For those of you who were happy about Arsenio Hall coming back to late-night TV this year, you were probably alternatively pleased and a little disappointed. There isn’t a doubt that Hall is one of the most likeable late-night hosts since the days of Johnny Carson. He’s still that way, though with writers who have to deal with the usual problem of new late-night writers: Finding material with a style and some relevance.
“Late Night with Jimmy Fallon” managed to find that above stream faster than some have in the past. Many people forget that even Johnny Carson’s brand didn’t really fully bloom on “The Tonight Show” until at least five or more years after his debut.
But it’s more than just finding your comedy footing. It’s also about creating a memorable moment that finally takes the show to a special place in the audience’s hearts. Such a moment happened on Carson’s show when Tiny Tim married on the show to record audiences. Both Letterman and Leno have had numerous moments that are now burned into our minds and still replayed constantly. We also know about Arsenio Hall’s famous show with Bill Clinton playing the saxophone during the 1992 Presidential campaign.
The fact that Bill Clinton has refused to come on Hall’s new show to attempt to recreate the magic (as of this article) tells you how much Hall needs one of those moments again. This time, it has to come from someone else rather than Bill Clinton. Even the former President probably realizes this and basically made it a point by so far refusing to come on.
So how can a late-night host find one of those moments to take him or her into a ratings bracket the producers and distributors want to see?
It all has to come down to timing and putting together a task force to stay on top of the news on an hourly basis. Nowadays, the late-night landscape works much differently where those going to do damage control head to the big guns first. With the small numbers Arsenio Hall’s show now gets and not being on a major network, the chances of someone controversial heading to his show seems nil in the immediate term. The only thing that shouldn’t be done is staging a moment just for the publicity.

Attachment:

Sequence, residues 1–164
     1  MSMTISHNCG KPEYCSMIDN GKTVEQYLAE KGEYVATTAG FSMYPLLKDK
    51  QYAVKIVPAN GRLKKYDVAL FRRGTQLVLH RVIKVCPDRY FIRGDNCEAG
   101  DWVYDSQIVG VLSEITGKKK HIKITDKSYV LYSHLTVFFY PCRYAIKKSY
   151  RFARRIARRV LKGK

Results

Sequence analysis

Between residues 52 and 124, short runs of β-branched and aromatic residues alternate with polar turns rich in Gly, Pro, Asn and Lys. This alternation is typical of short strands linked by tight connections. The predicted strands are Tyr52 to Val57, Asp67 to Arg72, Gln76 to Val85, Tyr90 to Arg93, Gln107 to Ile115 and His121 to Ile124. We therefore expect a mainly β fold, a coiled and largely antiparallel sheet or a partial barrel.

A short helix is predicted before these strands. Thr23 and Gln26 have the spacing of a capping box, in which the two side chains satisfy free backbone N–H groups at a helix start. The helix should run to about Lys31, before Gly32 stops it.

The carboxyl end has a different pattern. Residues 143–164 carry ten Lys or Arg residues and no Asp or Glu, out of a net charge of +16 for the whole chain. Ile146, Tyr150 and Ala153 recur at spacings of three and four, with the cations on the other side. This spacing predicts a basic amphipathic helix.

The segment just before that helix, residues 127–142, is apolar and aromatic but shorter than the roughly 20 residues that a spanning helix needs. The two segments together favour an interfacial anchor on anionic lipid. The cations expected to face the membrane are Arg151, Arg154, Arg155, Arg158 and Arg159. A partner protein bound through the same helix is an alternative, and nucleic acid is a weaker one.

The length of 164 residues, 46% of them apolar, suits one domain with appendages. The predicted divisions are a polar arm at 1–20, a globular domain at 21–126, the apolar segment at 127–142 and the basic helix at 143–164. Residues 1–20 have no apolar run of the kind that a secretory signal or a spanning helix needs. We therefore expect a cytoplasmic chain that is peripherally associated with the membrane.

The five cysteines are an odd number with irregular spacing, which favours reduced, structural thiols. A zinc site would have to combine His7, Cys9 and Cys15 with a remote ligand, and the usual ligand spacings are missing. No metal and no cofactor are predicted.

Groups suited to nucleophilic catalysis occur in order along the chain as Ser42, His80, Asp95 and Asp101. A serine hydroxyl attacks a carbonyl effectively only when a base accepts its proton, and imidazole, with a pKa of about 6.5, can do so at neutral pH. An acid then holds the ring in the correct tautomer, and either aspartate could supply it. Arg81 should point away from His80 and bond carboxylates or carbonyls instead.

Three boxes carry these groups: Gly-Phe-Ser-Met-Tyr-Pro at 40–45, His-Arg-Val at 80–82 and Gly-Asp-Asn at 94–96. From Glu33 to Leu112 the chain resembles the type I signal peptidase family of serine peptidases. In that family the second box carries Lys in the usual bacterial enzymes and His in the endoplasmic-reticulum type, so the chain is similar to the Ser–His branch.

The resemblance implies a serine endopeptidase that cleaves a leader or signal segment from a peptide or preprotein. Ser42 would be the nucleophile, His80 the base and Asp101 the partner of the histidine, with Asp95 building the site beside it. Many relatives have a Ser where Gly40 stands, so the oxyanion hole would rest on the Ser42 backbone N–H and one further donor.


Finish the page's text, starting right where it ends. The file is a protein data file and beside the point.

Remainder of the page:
Would such a thing ever happen and bring on a wave of scorn like the 1950s game show scandals? If Arsenio can’t get his moment before the end of the year, he may not be on the air when the late-night landscape changes in 2014. It’ll already be tough enough competing with Jimmy Fallon on the new “Tonight Show”, plus enough late-night choices to keep everyone up guffawing in their pillows.
If you had to define exactly what Arsenio Hall’s original late-night show was, it was more about celebrating events than real comedy. Clearly, Hall’s comedy material isn’t going to make you bowl over with laughter as you get with Letterman, Fallon or (especially) Craig Ferguson. And if Hall tries too hard there, it’ll get even worse.
That special moment a late-night show needs sometimes takes a few years before it happens. Yet with the world full of potential moments on an hourly basis, let’s hope Hall can find a perfect opportunity to create it without manufacturing one out of desperation. With his noted desire to bring more politicians onto the show, it could go back to what the original show almost became: A charmingly hip Charlie Rose.